1. Eliminate credit card debts.  It is too easy to fall into credit card debt.  Banks do not want you to ever pay them off with all the interest they earn.   Start with paying additional towards your smaller debts and then work toward the next one.  This is a slow process, but worth it.  It is boggling how much the interest can mount up on these types of loans with no tax benefit to you.  Improving  monthly cash flow reduces stress and allows you to eventually save for more important life items such as retirement and college.

I know this is a few days past New Years…however, it’s always relevant.   I wish you and yours a very happy, healthy and prosperous New Year.   Cheers!

Important Privacy Warning

We recently became aware of a disturbing trend involving clients who have applied for a new mortgage.  The three major credit bureaus are selling your personal   information to hundreds of mortgage companies throughout the country as soon as your credit report is pulled from your mortgage lender. 

Your personal information is being sold without your consent or knowledge.  These mortgage companies are generally “fly by night” companies that operate several states away and are solely interested in offering you a “bait and switch” mortgage offer.  These lenders will call you repeatedly and mail you solicitation after solicitation in hopes of deceiving you.  They often offer terms that are too good to be true and misleading.   Not only is this practice deceitful, it opens the possibility to identity theft.  WAMB is currently working to get this dreadful situation remedied, in the meantime, consumers should take steps to protect themselves.    Here are a few suggestions on easy steps you can take.

Opt Out of Prescreened Credit Offers

This will stop creditors from viewing your personal credit information     without your written consent.  In addition, it will cut down on the junk mail (unwanted credit card solicitations).  This alone lowers your chances of    becoming a victim of identity theft.  You can opt out by visiting www.optoutprescreen.com or by calling 888-567-8688.  Try do this one week before having your credit ran by any lender, if possible.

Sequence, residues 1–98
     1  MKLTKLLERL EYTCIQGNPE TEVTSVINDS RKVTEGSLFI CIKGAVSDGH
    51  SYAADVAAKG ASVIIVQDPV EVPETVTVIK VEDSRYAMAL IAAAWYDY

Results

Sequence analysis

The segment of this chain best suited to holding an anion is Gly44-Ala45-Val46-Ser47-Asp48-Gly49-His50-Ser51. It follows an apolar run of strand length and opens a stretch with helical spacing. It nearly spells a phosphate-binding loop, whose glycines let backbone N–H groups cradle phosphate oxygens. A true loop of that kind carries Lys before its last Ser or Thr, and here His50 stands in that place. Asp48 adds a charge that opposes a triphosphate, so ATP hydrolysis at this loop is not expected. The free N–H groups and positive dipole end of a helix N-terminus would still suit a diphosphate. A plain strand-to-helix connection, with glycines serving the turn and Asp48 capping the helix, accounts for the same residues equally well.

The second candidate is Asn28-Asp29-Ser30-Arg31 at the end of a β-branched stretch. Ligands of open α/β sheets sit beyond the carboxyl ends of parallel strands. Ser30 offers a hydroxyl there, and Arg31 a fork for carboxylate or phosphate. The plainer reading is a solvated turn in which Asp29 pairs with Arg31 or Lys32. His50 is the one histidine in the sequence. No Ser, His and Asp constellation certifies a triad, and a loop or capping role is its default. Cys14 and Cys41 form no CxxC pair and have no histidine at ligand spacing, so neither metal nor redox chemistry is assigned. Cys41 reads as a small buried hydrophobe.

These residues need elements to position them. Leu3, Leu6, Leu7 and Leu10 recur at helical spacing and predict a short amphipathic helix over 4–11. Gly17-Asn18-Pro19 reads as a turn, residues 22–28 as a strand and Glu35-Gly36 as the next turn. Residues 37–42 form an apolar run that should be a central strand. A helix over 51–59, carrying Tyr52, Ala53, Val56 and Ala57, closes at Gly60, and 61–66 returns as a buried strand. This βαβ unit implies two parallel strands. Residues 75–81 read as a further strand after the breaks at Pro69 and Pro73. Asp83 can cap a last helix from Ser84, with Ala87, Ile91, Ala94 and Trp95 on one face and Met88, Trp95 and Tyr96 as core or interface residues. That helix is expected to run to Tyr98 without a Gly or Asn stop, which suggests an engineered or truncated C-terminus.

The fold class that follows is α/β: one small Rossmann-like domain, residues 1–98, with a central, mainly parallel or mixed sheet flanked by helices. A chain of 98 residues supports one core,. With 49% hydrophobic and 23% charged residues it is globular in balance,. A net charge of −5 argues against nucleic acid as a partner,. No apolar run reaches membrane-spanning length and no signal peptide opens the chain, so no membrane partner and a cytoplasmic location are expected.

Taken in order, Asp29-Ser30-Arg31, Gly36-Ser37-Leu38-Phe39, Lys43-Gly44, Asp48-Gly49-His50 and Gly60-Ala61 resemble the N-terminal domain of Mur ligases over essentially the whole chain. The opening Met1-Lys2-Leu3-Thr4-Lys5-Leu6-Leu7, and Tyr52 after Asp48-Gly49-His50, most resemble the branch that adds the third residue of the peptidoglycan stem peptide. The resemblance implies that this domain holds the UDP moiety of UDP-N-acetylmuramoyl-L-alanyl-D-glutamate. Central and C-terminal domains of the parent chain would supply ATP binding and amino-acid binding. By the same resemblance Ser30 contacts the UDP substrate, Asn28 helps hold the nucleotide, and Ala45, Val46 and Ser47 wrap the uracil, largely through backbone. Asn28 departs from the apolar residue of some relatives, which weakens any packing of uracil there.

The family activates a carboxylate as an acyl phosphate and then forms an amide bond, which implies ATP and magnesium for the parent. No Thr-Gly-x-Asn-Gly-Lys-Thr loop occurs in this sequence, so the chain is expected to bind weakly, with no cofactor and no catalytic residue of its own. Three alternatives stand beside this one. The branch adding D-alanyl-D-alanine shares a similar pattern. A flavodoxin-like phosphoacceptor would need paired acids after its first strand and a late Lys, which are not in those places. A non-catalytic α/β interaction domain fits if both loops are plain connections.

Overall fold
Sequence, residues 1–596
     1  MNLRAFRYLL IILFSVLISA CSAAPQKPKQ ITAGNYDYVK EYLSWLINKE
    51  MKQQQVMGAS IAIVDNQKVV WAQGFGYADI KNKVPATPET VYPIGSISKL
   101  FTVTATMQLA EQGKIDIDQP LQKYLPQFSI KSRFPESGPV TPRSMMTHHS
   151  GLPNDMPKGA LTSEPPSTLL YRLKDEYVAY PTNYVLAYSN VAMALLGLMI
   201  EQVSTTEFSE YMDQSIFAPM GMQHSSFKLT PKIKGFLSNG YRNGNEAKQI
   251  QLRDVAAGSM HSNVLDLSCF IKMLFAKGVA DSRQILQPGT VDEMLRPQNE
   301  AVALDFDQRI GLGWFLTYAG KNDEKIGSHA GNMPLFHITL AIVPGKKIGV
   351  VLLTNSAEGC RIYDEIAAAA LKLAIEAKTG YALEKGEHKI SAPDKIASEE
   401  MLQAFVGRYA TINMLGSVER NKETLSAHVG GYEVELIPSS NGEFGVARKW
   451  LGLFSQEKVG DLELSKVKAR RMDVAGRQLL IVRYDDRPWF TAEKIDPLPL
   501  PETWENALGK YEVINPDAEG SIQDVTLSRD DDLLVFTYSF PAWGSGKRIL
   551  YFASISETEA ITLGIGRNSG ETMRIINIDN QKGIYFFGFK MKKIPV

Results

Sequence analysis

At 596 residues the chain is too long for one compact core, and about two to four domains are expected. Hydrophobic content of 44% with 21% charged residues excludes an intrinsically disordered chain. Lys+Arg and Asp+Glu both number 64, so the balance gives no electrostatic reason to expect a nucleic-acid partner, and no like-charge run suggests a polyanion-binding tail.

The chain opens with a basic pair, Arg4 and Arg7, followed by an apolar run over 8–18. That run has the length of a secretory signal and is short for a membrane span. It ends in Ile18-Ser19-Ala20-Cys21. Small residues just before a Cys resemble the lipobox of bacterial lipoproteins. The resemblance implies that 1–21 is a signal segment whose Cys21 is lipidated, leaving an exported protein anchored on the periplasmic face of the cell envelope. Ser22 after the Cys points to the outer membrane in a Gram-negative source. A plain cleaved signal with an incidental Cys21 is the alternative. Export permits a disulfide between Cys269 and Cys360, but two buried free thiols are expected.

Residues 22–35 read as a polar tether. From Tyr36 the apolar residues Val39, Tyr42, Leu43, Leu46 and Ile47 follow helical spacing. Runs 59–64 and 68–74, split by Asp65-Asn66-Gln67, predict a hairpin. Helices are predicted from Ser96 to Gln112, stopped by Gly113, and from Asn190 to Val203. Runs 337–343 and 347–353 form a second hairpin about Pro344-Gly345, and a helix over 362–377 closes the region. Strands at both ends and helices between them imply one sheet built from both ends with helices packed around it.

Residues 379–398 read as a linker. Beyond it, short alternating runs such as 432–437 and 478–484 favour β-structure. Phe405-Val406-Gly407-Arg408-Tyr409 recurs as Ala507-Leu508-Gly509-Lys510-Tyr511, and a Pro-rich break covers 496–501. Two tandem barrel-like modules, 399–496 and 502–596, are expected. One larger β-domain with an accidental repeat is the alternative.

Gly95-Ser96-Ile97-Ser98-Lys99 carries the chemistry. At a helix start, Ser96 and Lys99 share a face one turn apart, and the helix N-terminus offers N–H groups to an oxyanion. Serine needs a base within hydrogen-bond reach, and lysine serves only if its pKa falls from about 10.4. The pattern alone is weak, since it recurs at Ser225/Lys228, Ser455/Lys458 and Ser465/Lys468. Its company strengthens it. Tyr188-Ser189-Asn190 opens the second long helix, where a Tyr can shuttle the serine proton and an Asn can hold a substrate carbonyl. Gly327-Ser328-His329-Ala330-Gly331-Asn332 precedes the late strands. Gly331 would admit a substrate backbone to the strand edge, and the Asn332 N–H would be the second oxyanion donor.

Add your phone number to the Do Not Call List

This can be done online by visiting www.donotcall.gov or by calling         888-382-1222.  Remember to make sure to add both your home and mobile cell phone numbers.  This takes 30 days to be in effect. 

At Mortgage Master, we work diligently to protect your privacy and personal information.  By following the steps above, you will protect yourself and lower your odds of becoming a victim of identity theft.  Please feel free to call us with any questions or concerns.  Our team is always here to help.

We take your trust seriously and will never be less than truthful in our dealings with you.  You can count on honest, straight forward mortgage recommendations from our team.  After all, the best compliment to our team is the referral of friends and family to our mortgage   practice.  This can only be achieved by servicing our clients with great care and respect. 

For a free report on additional tips on preventing identity theft, please send me an email.